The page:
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Border Codes

Mark Marino, Author

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Introduction to the Transborder Immigrant Tool

The desert between California and Mexico is a hostile place made into a critical passageway by insular nation states and fundamental economic disparities.  Every year thousands attempt to cross it even in the most unbearable heat of summer.  The stories of those who cross have been written and rewritten both by the incendiary media of the right and by sympathetic portraits of the left.  This project approaches the border not through divisive rhetoric or even journalistic accounts but by means of an examination of a mobile phone application designed to help border crossers find water in the desert, the Transborder Immigrant Tool.  

The Transborder Immigrant Tool is part art project, part survival tool.  The website calls it a "US/Mexico Disturbance Art Project." It is an application that can be installed on inexpensive Nokia mobile phones. The tool uses GPS and a compass  interface to lead travelers to caches of water placed by humanitarian nonprofits.  However, the application not only brings the walkers to water, it also delivers guidance in the form of poetry, thus sustaining the body and the spirit. The tool was created by Micha C├írdenas, Amy Sara Carroll, Ricardo Dominguez, Elle Mehrmand , Jason Navarro, and Brett Stalbaum, an eclectic group of artists and activists who collaborate in the collectives, b.a.n.g. lab and Electronic Disturbance Theater. Though the group has written a theatrical performance in the form of Sustenance: The Play for All Trans [] Borders, their performances do not take place in great halls.  In their view, the mobile phone application is not only a tool it is part of a larger performance on the global stage that is meant to reframe the larger cultural debate about immigration.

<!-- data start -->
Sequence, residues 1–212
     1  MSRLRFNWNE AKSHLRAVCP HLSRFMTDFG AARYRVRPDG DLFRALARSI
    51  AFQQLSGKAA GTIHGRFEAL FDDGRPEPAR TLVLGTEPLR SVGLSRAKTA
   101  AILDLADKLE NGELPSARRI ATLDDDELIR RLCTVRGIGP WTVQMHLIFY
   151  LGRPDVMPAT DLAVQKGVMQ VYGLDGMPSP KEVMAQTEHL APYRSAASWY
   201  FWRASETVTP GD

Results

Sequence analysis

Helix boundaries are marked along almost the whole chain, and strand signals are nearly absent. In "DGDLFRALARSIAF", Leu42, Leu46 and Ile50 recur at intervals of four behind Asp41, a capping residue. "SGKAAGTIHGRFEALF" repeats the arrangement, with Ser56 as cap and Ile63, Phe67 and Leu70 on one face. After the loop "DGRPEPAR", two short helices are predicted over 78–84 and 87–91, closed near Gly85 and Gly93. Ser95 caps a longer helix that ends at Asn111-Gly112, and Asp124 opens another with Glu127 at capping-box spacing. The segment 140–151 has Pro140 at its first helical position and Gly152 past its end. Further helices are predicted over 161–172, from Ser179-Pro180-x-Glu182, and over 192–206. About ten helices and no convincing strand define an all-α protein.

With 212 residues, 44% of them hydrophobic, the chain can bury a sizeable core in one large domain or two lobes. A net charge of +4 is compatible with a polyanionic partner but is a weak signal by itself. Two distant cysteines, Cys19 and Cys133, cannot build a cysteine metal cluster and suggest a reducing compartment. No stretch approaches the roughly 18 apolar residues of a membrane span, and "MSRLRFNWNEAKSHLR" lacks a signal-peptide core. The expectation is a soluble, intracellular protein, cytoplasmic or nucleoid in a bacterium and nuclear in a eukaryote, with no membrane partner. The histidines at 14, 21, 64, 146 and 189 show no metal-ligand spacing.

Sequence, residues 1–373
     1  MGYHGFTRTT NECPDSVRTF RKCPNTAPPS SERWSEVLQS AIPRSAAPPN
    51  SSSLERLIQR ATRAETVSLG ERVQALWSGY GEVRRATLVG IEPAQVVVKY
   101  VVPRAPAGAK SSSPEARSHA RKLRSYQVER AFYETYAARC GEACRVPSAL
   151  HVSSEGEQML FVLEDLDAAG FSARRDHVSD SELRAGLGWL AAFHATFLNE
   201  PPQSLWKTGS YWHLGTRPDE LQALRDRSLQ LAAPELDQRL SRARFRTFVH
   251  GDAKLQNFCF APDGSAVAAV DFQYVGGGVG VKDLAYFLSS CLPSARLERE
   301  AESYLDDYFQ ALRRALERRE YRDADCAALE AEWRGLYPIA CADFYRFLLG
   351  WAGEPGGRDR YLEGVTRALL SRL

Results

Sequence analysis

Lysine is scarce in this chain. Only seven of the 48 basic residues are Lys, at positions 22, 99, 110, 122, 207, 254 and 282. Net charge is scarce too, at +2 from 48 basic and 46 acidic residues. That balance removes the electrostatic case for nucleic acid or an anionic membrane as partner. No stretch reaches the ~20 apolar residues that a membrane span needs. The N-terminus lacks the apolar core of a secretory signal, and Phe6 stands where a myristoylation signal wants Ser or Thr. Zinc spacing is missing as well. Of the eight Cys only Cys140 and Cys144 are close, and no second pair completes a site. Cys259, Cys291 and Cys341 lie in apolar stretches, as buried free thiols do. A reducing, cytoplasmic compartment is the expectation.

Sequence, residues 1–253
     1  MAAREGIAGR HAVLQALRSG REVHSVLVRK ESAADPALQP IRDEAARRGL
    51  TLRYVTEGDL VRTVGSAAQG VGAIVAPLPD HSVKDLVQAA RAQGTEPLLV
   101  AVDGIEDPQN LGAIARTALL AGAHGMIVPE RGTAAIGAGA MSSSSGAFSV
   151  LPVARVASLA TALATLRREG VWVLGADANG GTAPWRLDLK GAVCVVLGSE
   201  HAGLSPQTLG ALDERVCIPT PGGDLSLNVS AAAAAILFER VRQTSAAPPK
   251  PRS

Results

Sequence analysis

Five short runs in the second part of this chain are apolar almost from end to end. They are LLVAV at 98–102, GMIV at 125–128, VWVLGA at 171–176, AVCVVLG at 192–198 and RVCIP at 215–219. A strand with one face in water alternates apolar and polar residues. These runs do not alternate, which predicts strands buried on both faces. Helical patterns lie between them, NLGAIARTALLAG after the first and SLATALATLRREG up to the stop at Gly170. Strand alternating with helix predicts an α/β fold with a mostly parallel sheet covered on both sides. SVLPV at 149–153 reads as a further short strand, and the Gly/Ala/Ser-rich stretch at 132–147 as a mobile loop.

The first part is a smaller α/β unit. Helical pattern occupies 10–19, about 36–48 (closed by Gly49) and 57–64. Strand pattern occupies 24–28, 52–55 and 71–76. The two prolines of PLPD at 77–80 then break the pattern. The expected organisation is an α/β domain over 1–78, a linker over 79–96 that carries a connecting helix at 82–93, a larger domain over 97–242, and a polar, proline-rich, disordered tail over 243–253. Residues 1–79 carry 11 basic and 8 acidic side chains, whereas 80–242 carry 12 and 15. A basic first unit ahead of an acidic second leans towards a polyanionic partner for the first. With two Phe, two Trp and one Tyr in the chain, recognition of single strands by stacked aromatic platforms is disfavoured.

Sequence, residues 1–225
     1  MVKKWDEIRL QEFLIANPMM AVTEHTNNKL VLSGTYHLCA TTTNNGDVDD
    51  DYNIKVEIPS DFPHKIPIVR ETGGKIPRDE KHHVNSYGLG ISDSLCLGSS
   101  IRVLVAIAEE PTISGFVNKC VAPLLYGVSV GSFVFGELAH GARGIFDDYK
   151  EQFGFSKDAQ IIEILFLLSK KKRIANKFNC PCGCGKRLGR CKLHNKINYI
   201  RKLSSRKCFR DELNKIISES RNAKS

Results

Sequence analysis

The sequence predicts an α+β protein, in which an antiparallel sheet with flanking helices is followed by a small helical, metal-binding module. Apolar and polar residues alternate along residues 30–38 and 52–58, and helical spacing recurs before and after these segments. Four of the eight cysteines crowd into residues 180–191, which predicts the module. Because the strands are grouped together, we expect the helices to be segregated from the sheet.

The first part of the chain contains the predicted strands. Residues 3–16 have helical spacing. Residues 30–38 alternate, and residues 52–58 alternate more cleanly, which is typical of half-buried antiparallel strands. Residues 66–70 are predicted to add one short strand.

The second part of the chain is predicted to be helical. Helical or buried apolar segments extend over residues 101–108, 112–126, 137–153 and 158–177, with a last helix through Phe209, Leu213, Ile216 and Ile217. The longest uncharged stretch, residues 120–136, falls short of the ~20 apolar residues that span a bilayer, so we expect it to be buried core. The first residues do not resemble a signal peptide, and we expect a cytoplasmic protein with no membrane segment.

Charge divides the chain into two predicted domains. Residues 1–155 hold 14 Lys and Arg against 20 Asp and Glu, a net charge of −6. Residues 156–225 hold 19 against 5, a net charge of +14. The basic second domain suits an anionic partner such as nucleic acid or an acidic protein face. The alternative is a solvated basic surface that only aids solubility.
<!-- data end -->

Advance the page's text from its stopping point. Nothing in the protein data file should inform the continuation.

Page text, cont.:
In the pages that follow, you will encounter a series of borders, conceptual, geographical, electronic borders that rise like fences only to dissolve, borders that separate peoples, ideas, and worldviews.  The border between the performance and real life, the mythical border of political rhetoric, the border of the code.  For many cultural critics, the code of the digital object is a foreboding fence not to be crossed in their interpretive journey.   Implicating the cultural context in the code threatens regimes of knowledge.  Border Codes invites you to cross the code as a means of entering and crossing over these contested frontiers so to know them as geography rather than artificial boundaries.
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